The Supreme Court’s 2018 decision in Epic Systems v. Lewis allows employers to force employees to agree to individual arbitration of any claims against the employer, removing their ability to bring class and collective actions. These unilaterally imposed arbitration agreements deprive employees of any voice in this important term of employment.
If arbitration is to serve its intended function of a mutually agreeable forum to resolve disputes, Congress should require employers who desire to use arbitration to negotiate the terms of the agreement with a representative of their affected employees. Such a requirement would reduce some of the adverse effects of employment arbitration, making it more like labor arbitration, which has functioned as an effective dispute resolution mechanism under collective bargaining agreements for many years.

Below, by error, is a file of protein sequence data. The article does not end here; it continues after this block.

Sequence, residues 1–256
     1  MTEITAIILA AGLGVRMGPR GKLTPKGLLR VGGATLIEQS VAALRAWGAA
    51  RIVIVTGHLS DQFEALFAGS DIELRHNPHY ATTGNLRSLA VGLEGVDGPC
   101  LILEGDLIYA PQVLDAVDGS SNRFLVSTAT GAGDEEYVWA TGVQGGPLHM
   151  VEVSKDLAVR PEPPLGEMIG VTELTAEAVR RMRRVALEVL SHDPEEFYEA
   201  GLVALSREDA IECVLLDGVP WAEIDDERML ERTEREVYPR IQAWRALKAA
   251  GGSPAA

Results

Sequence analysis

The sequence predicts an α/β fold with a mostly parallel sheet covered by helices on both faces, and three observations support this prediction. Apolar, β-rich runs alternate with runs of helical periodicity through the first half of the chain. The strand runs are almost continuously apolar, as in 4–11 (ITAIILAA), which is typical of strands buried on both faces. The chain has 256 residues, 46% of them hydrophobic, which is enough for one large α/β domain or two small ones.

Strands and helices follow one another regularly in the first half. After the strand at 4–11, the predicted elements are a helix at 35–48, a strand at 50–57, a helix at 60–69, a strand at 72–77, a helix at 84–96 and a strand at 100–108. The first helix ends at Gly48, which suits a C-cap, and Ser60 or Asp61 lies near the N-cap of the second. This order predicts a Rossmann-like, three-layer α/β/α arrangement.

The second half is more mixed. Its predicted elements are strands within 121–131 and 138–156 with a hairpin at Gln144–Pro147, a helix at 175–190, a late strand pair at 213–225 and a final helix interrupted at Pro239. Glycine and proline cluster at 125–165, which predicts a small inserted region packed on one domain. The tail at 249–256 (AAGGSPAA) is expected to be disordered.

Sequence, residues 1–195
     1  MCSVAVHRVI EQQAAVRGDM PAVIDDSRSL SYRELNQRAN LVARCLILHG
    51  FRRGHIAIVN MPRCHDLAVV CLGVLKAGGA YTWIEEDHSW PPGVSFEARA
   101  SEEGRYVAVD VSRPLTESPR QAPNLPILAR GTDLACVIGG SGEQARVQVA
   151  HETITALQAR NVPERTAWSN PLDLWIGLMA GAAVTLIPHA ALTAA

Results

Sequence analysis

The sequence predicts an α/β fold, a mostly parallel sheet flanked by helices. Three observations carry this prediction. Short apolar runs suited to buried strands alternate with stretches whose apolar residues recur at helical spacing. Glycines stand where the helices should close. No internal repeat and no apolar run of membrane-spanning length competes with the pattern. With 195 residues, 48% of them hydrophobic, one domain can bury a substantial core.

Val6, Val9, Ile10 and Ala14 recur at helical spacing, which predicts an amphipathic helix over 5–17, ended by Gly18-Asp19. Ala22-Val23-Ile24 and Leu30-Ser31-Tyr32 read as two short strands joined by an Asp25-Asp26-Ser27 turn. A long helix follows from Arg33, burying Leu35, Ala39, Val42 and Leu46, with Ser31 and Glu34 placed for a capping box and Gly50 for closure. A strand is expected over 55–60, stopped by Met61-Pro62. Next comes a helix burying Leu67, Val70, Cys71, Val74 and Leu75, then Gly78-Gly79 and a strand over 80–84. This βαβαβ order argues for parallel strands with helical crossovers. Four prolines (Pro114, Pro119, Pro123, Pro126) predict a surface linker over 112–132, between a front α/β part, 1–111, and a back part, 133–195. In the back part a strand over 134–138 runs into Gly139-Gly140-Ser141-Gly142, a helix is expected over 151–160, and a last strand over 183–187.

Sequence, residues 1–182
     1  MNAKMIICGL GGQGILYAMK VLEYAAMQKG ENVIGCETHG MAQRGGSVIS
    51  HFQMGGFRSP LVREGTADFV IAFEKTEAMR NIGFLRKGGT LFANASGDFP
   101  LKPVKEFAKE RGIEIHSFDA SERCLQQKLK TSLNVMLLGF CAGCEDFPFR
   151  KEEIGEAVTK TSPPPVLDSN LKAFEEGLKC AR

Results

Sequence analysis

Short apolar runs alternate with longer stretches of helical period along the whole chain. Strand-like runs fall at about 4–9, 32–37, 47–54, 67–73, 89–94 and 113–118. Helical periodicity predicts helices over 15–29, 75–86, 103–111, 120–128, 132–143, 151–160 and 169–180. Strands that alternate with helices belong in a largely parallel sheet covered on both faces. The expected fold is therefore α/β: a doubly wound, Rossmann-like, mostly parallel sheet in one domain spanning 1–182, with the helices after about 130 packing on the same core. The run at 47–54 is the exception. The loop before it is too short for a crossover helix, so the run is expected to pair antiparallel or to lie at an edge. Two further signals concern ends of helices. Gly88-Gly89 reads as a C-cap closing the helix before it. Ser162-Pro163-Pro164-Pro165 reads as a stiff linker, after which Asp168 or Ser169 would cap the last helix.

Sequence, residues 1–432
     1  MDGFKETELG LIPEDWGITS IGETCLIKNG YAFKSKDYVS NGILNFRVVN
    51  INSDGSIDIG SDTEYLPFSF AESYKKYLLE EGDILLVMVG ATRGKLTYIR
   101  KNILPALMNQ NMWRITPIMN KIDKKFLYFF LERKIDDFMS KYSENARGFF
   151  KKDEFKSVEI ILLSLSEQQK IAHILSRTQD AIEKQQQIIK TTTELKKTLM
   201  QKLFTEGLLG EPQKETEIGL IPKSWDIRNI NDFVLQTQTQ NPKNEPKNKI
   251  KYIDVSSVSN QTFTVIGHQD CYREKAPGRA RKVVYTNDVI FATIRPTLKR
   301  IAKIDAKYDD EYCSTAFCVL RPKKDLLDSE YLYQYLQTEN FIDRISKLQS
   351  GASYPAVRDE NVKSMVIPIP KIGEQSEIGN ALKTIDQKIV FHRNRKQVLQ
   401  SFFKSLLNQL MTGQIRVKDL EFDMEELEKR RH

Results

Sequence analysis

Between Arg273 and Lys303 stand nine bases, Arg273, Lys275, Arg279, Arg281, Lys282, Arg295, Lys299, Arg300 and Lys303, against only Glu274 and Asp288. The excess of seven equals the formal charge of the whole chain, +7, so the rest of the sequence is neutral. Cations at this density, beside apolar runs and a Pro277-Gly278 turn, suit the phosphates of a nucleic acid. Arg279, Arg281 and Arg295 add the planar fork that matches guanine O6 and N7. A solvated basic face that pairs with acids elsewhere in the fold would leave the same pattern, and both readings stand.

A negotiation requirement would insure that employees have notice of the arbitration provision and input into its terms. The National Labor Relations Board could use its existing election machinery to facilitate employee choice of representative which could be an individual, a group of employees, an attorney, a labor union, or another workers’ rights organization. In addition to providing employee voice, requiring negotiation would discourage arbitration where the employer’s only goal is to reduce employee rights and might also spur employee participation in the workplace and the community.
Ann C. Hodges, Employee Voice in Arbitration, 22 Empl. Rts. and Emplmt. Pol'y J. 235 (2018).